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I'm currently trying to build a program that calculates a value, and outputs those values into a text file. On compilation, I am receiving the following error:

'ISO C90 forbids mixed decelerations and code'

My compiler is Quincy 2005, and it is flagging line 11 (int f=10;) as the issue:

#include <stdio.h>


int main()

{

FILE *output;
output = fopen("inductor.txt","a+");

int f=10;
float l, ir, realir;

printf("What is your inductor value (mH)\n");
scanf("%f", &l);

  while (f< 10000000){
  ir=((2*3.141)*f*l);
  realir = ir/1000;

  printf("If Frequency = %d Hz" ,f);
  printf(" Inductive reactance= %f Ohms\n",realir);

  fprintf(output, "%d Hz : %f Ohms\n ", f, realir);


 f=f*10;

 }

fclose(output);

return 0;
}

Annoyingly, changing compiler is not an option.

share|improve this question
1  
Was the error message unclear to you? It says exactly what the problem is. And you're saying you can't change the compiler, but it sounds like your compiler does support mixed declarations and code, you just need to switch it to another mode (probably C99). –  svick Jan 7 '13 at 17:53
    
Note: "decelerations" != "declarations". –  kevinsa5 Aug 5 '13 at 23:33

3 Answers 3

I believe it's saying you need to declare all variables first, then code.

E.g.:

FILE *output;
int f=10;
float l, ir, realir;


output = fopen("inductor.txt","a+");
printf("What is your inductor value (mH)\n");
share|improve this answer

Move output = fopen("inductor.txt","a+"); down to below the other variable declarations. You have to first declare all variables, and then use them.

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According to previous answers there are 2 ways to negate this since ISO C90 doesn't allow mixed variable declaration and code. One way is already mentioned: Move the variables declaration as suggested.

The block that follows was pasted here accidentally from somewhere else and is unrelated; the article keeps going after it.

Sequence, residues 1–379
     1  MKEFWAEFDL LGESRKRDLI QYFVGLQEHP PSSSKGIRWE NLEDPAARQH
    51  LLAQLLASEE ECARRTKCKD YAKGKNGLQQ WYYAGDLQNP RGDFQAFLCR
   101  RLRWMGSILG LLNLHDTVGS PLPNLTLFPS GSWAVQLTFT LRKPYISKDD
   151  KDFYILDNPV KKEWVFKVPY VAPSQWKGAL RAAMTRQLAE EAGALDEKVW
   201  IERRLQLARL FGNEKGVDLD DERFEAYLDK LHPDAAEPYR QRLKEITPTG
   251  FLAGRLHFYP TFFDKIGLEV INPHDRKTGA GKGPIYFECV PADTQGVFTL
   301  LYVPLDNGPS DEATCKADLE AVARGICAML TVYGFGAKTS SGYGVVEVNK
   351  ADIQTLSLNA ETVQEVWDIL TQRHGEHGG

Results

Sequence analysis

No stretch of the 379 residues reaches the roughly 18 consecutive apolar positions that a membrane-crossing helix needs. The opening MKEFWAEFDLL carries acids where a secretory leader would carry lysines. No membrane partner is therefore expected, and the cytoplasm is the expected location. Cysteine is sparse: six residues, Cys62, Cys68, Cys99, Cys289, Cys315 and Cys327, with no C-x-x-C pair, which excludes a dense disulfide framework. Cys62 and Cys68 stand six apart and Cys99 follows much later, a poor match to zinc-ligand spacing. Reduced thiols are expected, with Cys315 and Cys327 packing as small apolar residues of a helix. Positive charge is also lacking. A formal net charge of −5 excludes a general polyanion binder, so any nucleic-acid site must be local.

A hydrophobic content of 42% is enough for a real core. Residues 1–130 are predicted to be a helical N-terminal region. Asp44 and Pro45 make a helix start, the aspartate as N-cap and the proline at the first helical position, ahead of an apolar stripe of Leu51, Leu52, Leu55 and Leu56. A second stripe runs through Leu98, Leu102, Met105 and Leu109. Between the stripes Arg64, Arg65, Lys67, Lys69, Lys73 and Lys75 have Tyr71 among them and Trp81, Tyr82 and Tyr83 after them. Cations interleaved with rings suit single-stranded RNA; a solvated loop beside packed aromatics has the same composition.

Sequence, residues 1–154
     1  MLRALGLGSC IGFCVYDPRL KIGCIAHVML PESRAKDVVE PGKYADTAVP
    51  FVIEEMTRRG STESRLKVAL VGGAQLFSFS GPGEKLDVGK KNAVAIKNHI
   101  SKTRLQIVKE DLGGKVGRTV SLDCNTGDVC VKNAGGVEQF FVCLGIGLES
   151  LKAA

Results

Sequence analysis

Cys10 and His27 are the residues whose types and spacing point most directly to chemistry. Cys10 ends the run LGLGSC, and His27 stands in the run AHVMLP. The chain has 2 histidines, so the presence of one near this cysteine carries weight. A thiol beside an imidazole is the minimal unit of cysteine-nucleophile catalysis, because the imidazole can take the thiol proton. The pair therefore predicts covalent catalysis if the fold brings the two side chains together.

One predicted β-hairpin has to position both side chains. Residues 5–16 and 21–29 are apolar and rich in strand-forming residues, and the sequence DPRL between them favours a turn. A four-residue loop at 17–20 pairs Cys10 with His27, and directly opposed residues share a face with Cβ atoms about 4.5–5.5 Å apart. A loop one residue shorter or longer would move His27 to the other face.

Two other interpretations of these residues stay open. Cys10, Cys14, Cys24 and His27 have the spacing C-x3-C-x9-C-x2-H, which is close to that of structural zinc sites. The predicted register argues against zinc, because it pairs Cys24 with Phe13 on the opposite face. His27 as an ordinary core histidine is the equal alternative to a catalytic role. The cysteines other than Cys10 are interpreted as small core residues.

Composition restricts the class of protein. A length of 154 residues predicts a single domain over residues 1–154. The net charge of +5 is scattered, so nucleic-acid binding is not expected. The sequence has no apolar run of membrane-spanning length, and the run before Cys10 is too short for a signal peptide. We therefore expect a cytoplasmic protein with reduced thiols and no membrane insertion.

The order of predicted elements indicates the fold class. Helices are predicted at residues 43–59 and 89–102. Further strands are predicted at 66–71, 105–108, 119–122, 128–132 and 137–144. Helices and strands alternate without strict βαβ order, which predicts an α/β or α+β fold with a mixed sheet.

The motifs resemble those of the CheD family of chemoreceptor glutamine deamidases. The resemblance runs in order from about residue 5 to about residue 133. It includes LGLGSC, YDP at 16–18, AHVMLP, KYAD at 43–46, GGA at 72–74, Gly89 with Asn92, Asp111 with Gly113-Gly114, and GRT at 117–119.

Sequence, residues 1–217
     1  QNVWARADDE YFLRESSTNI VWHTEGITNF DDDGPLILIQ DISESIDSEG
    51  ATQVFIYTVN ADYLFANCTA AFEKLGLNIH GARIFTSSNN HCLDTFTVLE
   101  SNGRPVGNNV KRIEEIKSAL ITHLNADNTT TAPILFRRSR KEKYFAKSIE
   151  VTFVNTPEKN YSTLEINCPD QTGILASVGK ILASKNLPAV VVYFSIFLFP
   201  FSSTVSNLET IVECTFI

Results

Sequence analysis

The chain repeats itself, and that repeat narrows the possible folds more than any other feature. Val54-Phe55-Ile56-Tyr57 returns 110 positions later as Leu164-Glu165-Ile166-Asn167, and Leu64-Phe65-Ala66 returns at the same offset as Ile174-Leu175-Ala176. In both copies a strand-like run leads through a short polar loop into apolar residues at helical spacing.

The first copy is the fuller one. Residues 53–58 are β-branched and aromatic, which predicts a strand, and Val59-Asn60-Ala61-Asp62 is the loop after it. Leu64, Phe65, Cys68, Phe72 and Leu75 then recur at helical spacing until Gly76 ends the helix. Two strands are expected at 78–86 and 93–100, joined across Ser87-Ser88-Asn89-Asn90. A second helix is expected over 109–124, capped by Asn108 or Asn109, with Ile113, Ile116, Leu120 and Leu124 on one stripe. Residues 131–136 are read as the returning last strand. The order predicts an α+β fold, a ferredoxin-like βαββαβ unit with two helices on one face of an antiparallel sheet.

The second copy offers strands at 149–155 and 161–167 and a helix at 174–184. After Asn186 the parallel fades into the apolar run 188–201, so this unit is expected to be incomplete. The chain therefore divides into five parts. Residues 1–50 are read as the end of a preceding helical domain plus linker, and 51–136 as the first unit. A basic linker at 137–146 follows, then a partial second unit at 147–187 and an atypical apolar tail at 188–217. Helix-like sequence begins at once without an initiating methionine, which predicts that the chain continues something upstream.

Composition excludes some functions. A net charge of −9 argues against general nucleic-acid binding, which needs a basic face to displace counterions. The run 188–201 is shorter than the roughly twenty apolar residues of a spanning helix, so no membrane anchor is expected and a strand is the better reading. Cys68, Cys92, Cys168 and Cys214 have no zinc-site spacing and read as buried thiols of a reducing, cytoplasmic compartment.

FILE *output;
int f=10;
float l, ir, realir;
output = fopen("inductor.txt","a+");
// More code

There is also another way. According to ISO C90 you can only declare a variable within code after a block open {. Since you are free to introduce code blocks whenever you want you can simply start a block and put the code in there if you don't want to alter your code much. Please note that variables declared this way are only valid within the block containing them. I strongly recommend the first option.

FILE *output;
output = fopen("inductor.txt","a+");
{
int f=10;
float l, ir, realir;
// More code on this variables.
}
// Variables declared in the block previously will not be valid here.
share|improve this answer
    
In option two, the variables are only valid inside the {} block. So it will not work. –  Erik Ekman Jan 7 '13 at 17:54
    
Yea, thank you about this. I edited my question to reflect this. –  Theocharis K. Jan 7 '13 at 17:59

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